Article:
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What was the identity of the seated scribe?

The Louvre's statue of the seated scribe is a large Egyptian sculpture dating from the New Empire, circa 1550 BC, but who was this famous scribe?

What do we know about the statue of the seated scribe?

Any visitor or tourist visiting Paris is familiar with this famous statue depicting a seated scribe with a papyrus in one hand and a stylus writing in the other. Famous for its realism and detail, and considered one of the finest Egyptian sculptures in the world, it is currently housed in the Louvre Museum in Paris, France.

The seated scribe is a common depiction in Egyptian art, and is believed to have been created to honor the scribes, who were responsible for carrying out important administrative tasks, such as keeping tax records and managing farms and lands. Scribes were also responsible for writing legal and religious documents.

The Louvre's statue of the seated scribe is particularly interesting because it is one of the few Egyptian sculptures to show a seated figure. Most Egyptian sculptures depict standing figures, which makes this statue unique. The seated position of the statue is also significant, as it suggests that the scribe is in a state of reflection and meditation: the scribe is depicted with a slender, yet muscular body, and his face is sculpted with a serene and concentrated expression. The scribe's clothing is also detailed, with folds and textures that suggest real cloth. The statue also shows a great deal of detail in the hands, including the nails and veins.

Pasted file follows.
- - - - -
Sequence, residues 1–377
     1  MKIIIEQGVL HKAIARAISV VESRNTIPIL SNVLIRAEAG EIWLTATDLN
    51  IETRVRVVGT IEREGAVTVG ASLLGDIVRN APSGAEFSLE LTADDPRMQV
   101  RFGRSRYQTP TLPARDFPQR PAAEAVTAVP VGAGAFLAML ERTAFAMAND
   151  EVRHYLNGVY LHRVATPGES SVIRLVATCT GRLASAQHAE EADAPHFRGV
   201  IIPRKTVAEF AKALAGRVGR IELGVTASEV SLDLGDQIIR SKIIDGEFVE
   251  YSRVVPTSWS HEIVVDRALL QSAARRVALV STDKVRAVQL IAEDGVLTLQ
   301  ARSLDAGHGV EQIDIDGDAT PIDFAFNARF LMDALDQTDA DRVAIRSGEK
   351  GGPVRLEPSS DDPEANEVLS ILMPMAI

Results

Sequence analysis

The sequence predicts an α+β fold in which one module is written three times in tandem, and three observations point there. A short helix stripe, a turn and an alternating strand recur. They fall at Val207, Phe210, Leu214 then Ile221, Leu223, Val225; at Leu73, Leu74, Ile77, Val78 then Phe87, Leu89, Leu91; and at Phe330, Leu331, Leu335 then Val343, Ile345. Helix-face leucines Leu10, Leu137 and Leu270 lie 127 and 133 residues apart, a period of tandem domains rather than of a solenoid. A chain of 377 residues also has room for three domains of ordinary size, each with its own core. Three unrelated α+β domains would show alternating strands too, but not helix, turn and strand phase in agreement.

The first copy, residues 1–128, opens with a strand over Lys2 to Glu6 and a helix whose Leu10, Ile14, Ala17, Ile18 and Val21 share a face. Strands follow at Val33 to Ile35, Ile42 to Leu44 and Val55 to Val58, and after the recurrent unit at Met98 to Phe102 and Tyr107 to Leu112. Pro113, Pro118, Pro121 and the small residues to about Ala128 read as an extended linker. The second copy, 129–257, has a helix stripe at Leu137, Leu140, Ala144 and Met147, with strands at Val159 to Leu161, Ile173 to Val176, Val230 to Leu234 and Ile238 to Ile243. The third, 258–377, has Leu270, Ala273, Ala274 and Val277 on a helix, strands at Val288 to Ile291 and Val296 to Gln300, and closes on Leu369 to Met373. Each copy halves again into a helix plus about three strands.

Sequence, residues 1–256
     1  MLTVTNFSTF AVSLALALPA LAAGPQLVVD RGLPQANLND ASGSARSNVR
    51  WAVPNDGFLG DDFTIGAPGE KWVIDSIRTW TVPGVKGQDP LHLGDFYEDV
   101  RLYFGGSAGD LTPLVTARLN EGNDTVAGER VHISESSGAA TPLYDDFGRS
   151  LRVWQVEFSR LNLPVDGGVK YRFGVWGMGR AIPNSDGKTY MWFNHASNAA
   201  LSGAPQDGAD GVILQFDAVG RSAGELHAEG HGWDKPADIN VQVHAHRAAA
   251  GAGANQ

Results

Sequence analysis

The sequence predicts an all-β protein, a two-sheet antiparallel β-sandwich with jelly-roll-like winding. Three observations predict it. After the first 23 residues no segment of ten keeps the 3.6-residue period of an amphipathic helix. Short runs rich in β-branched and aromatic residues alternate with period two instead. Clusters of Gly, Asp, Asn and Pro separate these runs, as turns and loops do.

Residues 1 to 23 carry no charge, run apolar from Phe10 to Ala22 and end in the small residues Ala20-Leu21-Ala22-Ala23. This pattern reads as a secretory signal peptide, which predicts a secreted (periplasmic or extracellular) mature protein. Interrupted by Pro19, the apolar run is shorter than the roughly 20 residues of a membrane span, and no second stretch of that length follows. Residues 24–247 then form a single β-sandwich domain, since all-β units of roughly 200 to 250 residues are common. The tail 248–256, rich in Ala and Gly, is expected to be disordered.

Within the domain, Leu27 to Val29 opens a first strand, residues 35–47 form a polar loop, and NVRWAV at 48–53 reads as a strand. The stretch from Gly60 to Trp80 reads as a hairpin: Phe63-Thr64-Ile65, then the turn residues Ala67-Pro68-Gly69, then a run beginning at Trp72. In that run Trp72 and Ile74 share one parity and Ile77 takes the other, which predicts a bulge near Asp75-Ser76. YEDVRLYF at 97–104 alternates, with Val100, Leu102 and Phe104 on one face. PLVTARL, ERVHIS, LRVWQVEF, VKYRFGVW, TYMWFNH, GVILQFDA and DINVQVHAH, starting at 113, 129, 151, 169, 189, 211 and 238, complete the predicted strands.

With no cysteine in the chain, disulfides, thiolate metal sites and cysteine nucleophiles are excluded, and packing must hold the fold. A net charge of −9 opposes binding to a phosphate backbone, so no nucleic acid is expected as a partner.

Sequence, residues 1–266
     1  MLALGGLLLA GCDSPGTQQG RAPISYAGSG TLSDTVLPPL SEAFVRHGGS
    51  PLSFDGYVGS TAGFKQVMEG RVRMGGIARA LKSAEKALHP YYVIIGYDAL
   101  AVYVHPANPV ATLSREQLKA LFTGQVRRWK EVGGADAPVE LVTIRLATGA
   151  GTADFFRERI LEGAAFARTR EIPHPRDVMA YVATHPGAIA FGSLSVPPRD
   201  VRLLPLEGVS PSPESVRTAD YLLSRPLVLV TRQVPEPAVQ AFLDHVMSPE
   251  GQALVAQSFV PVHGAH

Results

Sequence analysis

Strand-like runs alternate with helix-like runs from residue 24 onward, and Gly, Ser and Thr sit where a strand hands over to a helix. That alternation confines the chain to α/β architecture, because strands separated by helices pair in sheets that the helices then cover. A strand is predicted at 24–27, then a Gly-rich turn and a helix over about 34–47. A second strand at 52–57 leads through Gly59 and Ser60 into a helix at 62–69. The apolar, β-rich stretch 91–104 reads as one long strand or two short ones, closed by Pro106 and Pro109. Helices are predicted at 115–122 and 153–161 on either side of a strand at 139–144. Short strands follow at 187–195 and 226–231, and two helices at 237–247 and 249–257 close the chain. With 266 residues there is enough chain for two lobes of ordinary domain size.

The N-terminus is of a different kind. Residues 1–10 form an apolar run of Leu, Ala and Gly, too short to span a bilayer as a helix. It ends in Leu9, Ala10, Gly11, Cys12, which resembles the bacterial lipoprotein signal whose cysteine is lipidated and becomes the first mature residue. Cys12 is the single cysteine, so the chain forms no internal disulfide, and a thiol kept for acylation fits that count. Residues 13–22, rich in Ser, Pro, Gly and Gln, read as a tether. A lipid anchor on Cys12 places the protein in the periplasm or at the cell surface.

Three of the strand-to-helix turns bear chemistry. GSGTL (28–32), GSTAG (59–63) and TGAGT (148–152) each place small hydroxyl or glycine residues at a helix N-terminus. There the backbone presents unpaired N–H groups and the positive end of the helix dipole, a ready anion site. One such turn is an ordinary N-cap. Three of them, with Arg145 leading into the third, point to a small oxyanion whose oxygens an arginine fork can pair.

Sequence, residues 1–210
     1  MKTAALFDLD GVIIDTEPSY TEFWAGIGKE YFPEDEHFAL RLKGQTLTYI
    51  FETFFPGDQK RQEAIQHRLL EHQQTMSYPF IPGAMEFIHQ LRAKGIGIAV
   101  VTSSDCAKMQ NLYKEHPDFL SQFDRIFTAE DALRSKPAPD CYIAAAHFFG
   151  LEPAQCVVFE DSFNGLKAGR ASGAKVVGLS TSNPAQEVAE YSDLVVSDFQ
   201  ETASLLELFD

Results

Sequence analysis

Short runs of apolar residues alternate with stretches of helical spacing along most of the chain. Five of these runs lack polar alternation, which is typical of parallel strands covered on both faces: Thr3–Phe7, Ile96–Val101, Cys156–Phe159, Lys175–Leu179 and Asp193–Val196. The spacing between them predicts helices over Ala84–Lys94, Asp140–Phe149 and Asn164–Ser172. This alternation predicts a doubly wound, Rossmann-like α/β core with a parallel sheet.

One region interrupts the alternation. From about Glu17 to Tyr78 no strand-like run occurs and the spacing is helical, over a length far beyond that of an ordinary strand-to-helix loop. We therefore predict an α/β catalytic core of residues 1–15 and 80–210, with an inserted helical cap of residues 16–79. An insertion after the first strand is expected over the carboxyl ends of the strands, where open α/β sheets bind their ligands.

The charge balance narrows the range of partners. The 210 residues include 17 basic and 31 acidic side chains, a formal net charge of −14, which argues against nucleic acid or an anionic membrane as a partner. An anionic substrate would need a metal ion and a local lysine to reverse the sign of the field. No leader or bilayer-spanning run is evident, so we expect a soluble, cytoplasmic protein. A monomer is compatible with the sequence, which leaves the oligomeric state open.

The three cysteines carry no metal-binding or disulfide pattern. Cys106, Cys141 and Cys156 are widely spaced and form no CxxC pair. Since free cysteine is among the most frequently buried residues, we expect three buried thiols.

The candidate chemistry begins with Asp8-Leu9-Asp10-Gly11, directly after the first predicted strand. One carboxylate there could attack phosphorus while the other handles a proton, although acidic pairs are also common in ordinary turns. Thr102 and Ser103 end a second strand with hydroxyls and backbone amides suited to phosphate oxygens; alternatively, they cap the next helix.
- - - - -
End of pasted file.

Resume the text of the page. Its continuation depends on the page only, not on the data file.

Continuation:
Who really was the seated scribe?

The Louvre's seated scribe statue was discovered in 1850 during excavations at the Saqqara necropolis near Cairo. The excavation diary has been lost, so the exact circumstances of the discovery are not known. What is known is that it was found by Mariette's team and taken to Paris to be included in the Egyptian collection of the Louvre Museum.

This limestone sculpture is 53 centimeters tall and was created sometime between the 4th and 5th dynasties, although the name of the owner of the tomb in which it was found and who it represents is unknown. It has been speculated that it could be a character named Kay or Pehernefer, but there is no certainty. However, it is considered one of the most iconic works of Egyptian art of the Old Kingdom.

Although not much is known about the statue itself, it is known that its owner must have held an important position in the pharaonic administration, which allowed him to have a tomb and receive offerings before the cult statue that represented him for all eternity. Although the name of the artist who created this statue is not known, its realism and detail are impressive.

The Louvre's statue of the seated scribe is a valuable piece of Egyptian art, and is considered one of the finest sculptures of its kind in the world. It is a major tourist attraction at the Louvre Museum, and is visited by thousands of people every year. So, if you decide to travel to France you can't miss this unique opportunity to see a piece of high quality Egyptian art and learn more about the life and culture of ancient Egypt.

Meanwhile, if you want to know other facts about the Louvre Museum and get information about the greatest works of art such as the Venus de Milo housed in the main museum of Paris and France, we recommend "The Louvre Art Guide" now available on Amazon by clicking here.